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The Churches

The church of St. Maria Acquas (Sardara)

In front of the Antiche Terme di Sardara there is the church of St. Maria Acquas – a diocesan sanctuary. It was built around the eleventh and twelfth century, even if there are no definite dates or historical documents regarding its building. However, the worship of the Holy Virgin in this area started perhaps centuries ago. It is thought even before the year one thousand.

The statue of the Holy Virgin, which still lies within the church, dates back to the sixteenth century, perhaps even to the fifteenth. The statue was once hidden due to external attacks, fraudulent incursions and raids. Its following recovery led to the subsequent restoration of the church around the eighteenth century. The small church has been renovated with the passage of time and so has the statue of the Holy Virgin named Holy Virgin of the Waters, precisely because we are located near the thermal baths that characterize the area.


The Church of St. Gregorio (Sardara)

The church of St. Gregorio is in the old town center, on the upper part of Sardara. There used to be a nuragic sanctuary with a well temple in the Church of St. Anastasia . There are still traces of Punic and Roman settlements around the area .There was a Roman station in St. Maria acquas that was located along the main thoroughfare between north and south. The presence of spring waters led to the installation of thermal baths that are still active today. During the Giudicale Age the territory was controlled from the castle of Monreale, situated on the border between the kingdom of Cagliari and the kingdom of Arborea. The church of St. Gregorio, is characterized by fine architectural details and is one of the most intact and significant Gothic monuments in Sardinia.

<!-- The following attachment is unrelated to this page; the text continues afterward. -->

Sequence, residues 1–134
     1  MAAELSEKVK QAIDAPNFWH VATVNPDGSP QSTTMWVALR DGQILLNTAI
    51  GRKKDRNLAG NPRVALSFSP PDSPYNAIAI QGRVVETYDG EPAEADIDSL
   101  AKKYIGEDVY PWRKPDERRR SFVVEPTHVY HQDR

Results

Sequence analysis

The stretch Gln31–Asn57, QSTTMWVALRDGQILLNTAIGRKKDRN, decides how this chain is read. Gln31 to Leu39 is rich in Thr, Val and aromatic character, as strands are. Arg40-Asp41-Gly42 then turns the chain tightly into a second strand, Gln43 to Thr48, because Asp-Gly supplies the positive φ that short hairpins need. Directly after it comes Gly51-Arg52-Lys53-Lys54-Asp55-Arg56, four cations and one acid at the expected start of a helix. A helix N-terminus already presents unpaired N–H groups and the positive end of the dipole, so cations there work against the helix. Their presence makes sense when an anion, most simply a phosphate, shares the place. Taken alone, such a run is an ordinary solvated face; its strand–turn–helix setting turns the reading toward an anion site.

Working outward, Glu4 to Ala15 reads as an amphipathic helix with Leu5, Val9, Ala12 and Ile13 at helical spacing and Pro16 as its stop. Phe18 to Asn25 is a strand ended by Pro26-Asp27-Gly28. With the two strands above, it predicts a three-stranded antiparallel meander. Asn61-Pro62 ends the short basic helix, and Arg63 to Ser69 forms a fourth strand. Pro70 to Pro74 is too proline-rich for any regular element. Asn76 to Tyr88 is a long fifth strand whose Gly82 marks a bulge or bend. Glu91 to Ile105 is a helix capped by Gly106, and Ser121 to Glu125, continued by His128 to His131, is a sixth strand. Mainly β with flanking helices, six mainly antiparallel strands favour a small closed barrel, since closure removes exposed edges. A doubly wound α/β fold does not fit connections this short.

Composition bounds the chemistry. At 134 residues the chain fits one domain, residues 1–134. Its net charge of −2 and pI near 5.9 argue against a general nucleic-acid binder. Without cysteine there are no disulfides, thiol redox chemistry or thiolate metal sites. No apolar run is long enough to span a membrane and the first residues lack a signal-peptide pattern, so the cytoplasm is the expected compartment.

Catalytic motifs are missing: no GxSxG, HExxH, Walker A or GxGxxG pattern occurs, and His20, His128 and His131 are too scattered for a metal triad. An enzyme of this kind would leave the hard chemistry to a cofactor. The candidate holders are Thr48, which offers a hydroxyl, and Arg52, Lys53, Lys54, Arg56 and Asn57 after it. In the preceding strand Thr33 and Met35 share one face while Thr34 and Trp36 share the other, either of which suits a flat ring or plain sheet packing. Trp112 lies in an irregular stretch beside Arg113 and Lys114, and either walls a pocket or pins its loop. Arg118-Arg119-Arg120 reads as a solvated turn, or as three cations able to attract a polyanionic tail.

Although there is no documentary evidence, the building can be ascribed to the first quarter of the fourteenth century. The facing walls are made of limestone and volcanic stones. The church plan is single-naved with a wooden roof and an apse on the S / E. Although this last one has a semicircular profile inside, it appears externally squared. This is due to a compromise between the well-established Romanesque tradition and the intent to adhere to the new Italian Gothic forms.

The gabled façade is divided into three sections by pilaster strips and two strong corner pilasters. In the central section there is the architraved portal surmounted by a pointed arch drain and provided with molded jambs. There is a Gothic rose window in line with the portal that is surmounted by a series of arches on corbels. A belfry with two narrow lights completes the façade.

In the northern side there is a portal with a pointed arch rib. In the apse there is a wisely restored ogival mullioned window.